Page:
Part 1: Dancing with Decolonisation

Words by Paula Catalina Riofrio.

I was commissioned to cover the third edition of Dancing with Decolonisation, an organisation started by a small group of alum from the University of Roehampton who decided to pursue a yearly symposium to share and question decolonial dance practises. Here I write about the second day of the online symposium, hearing from artists and thinkers from across the world as I contemplate my own movements from London to San Francisco and South America.

I found it extremely hard to keep my feelings out of all the socio-political struggles that surrounded most of the lectures. I came to realise after a conversation with a friend: Dance cannot remain unbiased from what we feel in front of a technique, in front of our social environment, in front of the information that is given or denied to us. Dance is the detour and the deviation of stillness, dance is the phenomenology of biases; the noticing of that which is impenetrable by logic and the technique that grows out of it.

All of us attendees agreed on something, dance is not only dance. The conference started with Veronica Navarro, who shared with us her research on the afro-american and indian-american cultures in the context of folkloric dance. Part of the process involved looking at archives, but also creating new material with the communities, while indagating through spoken memory and body movements themes such as racism and patriarchal demeanors. Memory is an important catalyst for social change in Latin America. I was sat on a table in Kerouac alley, writing while listening to street jazz. I looked around and read on one of the walls Un pueblo con memoria es un pueblo rebelde. This quote came from an unknown Mexican young activist during a March that commemorates every year the disappearance of the 43 students from Ayotzinapa. Protest is a material for dance, an embodied response that generates vibrations and transformation – a dance in and of itself.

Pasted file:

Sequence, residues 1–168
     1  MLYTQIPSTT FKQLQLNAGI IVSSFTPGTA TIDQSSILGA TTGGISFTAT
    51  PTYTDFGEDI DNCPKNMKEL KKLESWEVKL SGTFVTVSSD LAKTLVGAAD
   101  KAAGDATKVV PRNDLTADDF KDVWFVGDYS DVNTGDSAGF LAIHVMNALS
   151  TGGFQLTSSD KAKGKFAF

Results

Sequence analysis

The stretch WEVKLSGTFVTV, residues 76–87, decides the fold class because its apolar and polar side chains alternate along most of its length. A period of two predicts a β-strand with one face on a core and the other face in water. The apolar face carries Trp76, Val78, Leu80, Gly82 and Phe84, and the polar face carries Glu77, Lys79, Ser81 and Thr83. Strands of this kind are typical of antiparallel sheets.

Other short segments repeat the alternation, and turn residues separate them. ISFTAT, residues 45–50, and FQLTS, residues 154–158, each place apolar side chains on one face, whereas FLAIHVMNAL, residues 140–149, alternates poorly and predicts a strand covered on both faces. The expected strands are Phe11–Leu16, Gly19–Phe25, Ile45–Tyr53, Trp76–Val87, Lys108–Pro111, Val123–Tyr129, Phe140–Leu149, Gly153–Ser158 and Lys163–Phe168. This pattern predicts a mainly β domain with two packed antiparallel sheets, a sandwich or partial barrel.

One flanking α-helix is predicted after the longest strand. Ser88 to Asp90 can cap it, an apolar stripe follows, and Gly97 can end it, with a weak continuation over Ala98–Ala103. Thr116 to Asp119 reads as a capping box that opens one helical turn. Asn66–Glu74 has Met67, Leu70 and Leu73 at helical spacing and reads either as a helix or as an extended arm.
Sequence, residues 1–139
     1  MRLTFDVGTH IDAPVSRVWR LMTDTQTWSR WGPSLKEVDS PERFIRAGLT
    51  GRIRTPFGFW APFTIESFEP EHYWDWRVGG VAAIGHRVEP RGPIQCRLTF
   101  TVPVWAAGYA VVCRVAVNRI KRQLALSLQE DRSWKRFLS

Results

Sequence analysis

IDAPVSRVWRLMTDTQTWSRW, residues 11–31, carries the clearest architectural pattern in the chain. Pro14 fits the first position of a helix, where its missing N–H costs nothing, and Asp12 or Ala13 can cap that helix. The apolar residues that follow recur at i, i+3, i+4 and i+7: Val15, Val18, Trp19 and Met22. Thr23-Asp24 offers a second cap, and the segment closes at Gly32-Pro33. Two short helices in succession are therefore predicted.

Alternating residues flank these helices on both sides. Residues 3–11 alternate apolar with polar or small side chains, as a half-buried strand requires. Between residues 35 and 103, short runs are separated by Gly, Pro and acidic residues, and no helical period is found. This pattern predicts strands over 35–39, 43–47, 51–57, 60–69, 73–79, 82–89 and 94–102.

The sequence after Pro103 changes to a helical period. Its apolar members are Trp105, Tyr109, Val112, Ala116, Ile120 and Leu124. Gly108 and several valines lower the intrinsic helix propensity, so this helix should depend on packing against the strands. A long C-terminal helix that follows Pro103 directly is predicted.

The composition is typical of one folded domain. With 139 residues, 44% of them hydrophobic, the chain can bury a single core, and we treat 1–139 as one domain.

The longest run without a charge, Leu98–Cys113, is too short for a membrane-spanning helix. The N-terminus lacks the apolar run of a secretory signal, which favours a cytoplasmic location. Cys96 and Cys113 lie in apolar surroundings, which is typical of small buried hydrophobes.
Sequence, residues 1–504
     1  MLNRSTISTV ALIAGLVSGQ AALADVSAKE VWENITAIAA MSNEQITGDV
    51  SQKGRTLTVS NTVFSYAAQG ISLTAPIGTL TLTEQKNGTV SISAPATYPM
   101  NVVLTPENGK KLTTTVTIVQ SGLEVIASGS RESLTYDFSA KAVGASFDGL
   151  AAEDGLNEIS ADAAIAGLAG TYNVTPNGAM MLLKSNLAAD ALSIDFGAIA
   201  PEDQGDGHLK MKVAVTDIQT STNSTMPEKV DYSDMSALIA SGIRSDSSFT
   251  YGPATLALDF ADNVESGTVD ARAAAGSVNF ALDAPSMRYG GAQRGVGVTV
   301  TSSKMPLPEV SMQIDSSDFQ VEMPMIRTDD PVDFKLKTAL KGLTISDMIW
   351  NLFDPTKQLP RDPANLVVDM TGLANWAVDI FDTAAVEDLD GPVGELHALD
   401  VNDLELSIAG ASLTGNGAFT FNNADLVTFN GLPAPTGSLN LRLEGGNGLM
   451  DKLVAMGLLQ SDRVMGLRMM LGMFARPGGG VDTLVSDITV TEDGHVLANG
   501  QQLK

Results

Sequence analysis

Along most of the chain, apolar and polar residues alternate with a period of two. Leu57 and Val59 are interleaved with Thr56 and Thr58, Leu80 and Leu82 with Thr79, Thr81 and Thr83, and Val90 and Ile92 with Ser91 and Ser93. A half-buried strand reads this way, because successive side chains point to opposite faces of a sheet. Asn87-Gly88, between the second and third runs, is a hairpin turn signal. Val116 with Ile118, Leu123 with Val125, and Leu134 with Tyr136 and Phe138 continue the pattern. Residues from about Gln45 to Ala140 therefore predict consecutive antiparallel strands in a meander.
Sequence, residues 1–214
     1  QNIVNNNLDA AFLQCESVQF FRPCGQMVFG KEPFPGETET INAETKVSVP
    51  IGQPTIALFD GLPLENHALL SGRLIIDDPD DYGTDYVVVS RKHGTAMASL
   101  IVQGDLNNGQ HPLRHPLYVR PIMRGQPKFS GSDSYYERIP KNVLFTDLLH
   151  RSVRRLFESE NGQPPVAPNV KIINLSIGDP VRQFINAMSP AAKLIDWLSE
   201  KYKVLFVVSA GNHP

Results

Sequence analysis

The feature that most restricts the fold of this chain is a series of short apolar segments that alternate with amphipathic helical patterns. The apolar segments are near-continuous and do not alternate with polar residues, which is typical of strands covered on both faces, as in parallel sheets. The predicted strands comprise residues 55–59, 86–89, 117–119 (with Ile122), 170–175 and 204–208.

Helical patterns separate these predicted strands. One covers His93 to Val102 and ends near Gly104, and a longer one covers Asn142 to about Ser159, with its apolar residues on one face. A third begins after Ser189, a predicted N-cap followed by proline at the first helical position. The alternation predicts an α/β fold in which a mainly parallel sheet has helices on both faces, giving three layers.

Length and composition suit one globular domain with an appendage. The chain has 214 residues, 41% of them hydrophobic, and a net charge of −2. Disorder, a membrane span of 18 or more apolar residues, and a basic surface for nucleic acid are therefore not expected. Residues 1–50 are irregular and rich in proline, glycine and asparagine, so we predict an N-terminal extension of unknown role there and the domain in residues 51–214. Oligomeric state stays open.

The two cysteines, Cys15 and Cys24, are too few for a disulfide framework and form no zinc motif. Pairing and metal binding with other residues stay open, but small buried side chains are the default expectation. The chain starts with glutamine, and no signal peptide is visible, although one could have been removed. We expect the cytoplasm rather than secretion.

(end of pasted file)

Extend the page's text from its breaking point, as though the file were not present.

Omar Guadarrama Aguirre, talked to us about The Trilogy of the Memory.

Omar Guadarrama Aguirre, Mexican scenic creator, talked to us about The Trilogy of the Memory, a performative process that he started in 2020. Aguirre looks for a reinterpretation of colonisation in America, confronting the particular context of the Spanish and Mexican encounter. La memoria conquistada, his last work, uses striking multimedia creations that propose new paths to acknowledge and confront colonisation. It is indeed a big challenge for most Latin American countries to use the bitter past inflicted by the old European empires as compost; but dance is surely doing its part in the process.

One thing I would love to share with you is that Abya Yala is the name that Indigenous Peoples from America use to refer to their territories. The ways of self defining and finding oneself through language appropriation make a difference to our practices. I learnt this from Mántiz Apocalipstick (Juan Carlos García). She gave an outstanding introduction to Vogue Culture and how it migrated from New York into Mexico. Voguing is not only a ballroom practice, Mántiz defines it as a living manifestation that extends itself through gender identity, social class belonging and other cultural and individual aspects of its participants. Voguing is also a community, not particularly harmonious nor violent, it is a microcosmos into the macro and it has created its own rules that keep being modified along with the transit of its people.

Later that day, Josefina Zuain, dancer and historian, conducted a workshop titled Reculonizar la danza, an encounter between twerk technique and reflective writing. The purpose of it was to make conscious the processes that we activate by moving unconventional, less investigated parts of the body. Moving our butts at certain vibrations while generating vibration inside us was the fuel to write and think about ourselves and our relation to this particular zone that is commonly hidden. The upbeat of Zuain’s workshop enhanced the concentration and energy of all the attendees, we could all sense it, see it on each others’ faces.

To watch Dancing with Decolonisation workshop recordings visit DCD’s YouTube.